The Concert for Bangladesh (or Bangla Desh, as the name was originally spelt) was the name for two benefit concerts organised by George Harrison and Ravi Shankar, held at 2.30 and 8 pm on Sunday, 1 August 1971, playing to a total of 40,000 people at Madison Square Garden in New York City. The shows were organised to raise international awareness and fund relief efforts for refugees from East Pakistan (now Bangladesh), following the 1970 Bhola cyclone and the civil war-related Bangladesh atrocities. The concerts were followed by a bestselling live album, a boxed three-record set, and Apple Films’ concert documentary, which opened in cinemas in the spring of 1972.
In 1971, George Harrison of The Beatles and Ravi Shankar brought together a star-studded cast of musicians for The Concert for Bangladesh, which became one of the most ambitious humanitarian efforts in music history. To honor George Harrison’s legacy and celebrate the 40th anniversary of the groundbreaking Concert for Bangladesh, the U.S. Fund for UNICEF called on a whole new generation of compassionate music lovers to bring much needed attention to a devastating crisis in the Horn of Africa.
UNICEF’s ‘Month of Giving’ allowed supporters to celebrate Harrison’s legacy by doing something meaningful “for a friend.” This call to action resonated all the more in the context of a worsening nutrition and drought crisis – the most severe humanitarian emergency in the world.
With the help of its music industry supporters, the George Harrison Fund for UNICEF raised more than USD$1.225 million for lifesaving emergency relief for children in the Horn of Africa. Of that, more than $175,000 came from the sale of the Concert for Bangladesh CD and DVD on iTunes, which streamed the original concert live and worldwide starting on July 30.
Over 70 legendary and contemporary musicians including Ringo Starr, Eric Clapton, UNICEF Ambassador Selena Gomez, Arcade Fire, Enrique Iglesias and Lady Antebellum, lent their voice to the cause throughout August by showing the ‘Month of Giving’ video at their concerts, and posting messages of support to their websites, Twitter and Facebook pages.
More than 100,000 people visited the ‘Month of Giving’ website through these supporters’ calls to get involved #4afriend and a Facebook quiz about the original Concert for Bangladesh reached more than 2 million fans.
The ‘Month of Giving’ also had some unique additional supporters. The Lollapalooza festival broadcast the ‘Month of Giving’ video on the screens at all the main stages throughout its 3-day festival which attracts 90,000 people each day. Filter Magazine sent out an email blast with ‘Month of Giving’ information to roughly 400,000 subscribers, and the cast and crew of LOVE, Cirque du Soleil, the Beatles-themed aerobatic show in Las Vegas, created their own personalized video tribute to George Harrison and the ‘Month of Giving.’ The ‘Month of Giving’ even had a debut on the Hollywood Walk of Fame during the ceremony for the iconic Go Go’s who received a star on August 11.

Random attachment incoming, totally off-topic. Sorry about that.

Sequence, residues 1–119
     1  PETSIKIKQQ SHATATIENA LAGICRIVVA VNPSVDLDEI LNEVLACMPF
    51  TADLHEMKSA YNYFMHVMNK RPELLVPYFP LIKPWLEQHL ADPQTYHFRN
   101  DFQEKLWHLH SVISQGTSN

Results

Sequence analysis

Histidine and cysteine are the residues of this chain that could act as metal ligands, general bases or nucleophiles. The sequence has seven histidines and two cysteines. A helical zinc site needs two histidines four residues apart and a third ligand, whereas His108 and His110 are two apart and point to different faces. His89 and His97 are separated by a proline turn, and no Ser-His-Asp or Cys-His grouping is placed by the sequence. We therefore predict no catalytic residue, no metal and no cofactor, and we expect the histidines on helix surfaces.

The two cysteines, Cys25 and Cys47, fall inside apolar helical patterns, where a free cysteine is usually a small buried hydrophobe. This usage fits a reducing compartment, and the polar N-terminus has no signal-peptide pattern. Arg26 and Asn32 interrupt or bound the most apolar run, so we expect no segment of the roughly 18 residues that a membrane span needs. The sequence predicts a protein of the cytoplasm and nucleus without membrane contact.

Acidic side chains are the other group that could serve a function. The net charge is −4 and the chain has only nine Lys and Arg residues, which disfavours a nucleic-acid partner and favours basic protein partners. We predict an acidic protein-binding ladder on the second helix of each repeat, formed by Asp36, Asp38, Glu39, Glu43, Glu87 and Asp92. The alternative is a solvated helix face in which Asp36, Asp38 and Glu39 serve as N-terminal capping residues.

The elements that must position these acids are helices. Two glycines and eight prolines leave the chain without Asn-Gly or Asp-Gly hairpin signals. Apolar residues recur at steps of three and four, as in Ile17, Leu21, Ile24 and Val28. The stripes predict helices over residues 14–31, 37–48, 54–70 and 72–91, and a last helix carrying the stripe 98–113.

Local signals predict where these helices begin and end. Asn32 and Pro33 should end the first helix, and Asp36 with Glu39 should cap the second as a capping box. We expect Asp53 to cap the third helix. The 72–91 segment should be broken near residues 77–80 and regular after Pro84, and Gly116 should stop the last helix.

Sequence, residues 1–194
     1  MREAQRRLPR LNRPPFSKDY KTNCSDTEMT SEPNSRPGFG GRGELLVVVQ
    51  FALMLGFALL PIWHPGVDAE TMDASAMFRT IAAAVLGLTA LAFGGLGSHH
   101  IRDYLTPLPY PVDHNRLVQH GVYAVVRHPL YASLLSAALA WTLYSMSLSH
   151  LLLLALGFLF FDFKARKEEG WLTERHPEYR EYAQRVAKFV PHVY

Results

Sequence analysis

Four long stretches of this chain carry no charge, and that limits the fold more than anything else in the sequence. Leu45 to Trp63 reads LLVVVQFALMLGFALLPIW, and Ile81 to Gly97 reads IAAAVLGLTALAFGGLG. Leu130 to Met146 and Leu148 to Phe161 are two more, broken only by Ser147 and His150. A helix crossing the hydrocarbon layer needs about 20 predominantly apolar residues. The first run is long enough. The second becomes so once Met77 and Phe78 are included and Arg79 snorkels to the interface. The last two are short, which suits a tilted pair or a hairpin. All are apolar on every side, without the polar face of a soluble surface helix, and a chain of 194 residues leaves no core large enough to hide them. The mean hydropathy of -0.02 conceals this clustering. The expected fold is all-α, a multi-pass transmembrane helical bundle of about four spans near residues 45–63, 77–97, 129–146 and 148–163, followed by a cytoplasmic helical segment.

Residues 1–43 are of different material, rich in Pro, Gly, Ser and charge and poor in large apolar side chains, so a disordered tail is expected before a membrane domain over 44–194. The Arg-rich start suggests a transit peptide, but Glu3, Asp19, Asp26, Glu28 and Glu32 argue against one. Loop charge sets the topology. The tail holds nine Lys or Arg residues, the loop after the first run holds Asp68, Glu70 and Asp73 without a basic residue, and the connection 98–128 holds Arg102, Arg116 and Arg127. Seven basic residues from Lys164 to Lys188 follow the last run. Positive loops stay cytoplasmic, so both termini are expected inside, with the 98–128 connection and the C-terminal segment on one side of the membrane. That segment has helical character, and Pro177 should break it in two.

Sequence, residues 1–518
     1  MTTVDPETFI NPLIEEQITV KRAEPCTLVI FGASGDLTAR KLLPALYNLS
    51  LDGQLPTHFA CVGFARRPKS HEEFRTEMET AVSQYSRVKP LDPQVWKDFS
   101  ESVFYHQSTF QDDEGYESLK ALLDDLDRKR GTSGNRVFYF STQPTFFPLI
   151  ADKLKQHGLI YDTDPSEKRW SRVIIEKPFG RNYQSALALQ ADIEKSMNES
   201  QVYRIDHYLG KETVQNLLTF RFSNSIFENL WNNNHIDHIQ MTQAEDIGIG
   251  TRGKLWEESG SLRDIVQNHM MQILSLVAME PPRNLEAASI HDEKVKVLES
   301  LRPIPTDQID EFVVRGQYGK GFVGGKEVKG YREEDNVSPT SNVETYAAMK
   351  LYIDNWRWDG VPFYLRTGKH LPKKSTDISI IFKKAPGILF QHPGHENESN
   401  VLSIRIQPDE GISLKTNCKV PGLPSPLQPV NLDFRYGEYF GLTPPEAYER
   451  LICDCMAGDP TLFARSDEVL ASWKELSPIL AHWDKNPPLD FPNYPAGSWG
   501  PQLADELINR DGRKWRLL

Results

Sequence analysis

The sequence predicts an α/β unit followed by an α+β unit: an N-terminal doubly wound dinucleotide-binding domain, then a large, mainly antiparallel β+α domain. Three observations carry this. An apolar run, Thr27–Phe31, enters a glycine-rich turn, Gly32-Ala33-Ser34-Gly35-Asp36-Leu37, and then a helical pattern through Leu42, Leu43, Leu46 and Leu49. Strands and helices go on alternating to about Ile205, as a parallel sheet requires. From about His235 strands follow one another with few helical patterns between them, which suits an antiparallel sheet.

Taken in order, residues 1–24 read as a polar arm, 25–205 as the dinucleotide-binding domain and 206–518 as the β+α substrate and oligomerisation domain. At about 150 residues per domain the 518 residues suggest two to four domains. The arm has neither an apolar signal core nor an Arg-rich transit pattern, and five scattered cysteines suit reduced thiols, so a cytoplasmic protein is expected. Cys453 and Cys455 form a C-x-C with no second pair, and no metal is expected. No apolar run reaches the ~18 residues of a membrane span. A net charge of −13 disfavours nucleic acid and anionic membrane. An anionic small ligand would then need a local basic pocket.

In addition, artist Shepherd Fairey created a limited edition art print for the campaign and donated the $20,000 auction price for the original work to the George Harrison Fund for UNICEF. The Grammy Museum in Los Angeles included the George Harrison Fund for UNICEF in a recent exhibition about the former Beatle, and singer Alicia Keyes honored Harrison at her annual “Black Ball” event, at which Olivia Harrison gave a speech about the Fund and the Month of Giving.
All told, the ‘Month of Giving” raised more than $1,225,794.00 for emergency relief in the Horn of Africa. In an area where UNICEF has long worked to alleviate severe food crises, political instability, and lack of basic social services, the current situation has required an even more dramatic effort. UNICEF has delivered more than 10,000 metric tons of supplies to the region; treated 108,000 severely malnourished children in therapeutic feeding centers; vaccinated 1.2 million children against measles and provided 2.2 million people with access to safe water. The ‘Month of Giving,’ supported by millions of George Harrison fans, was a large part of that work.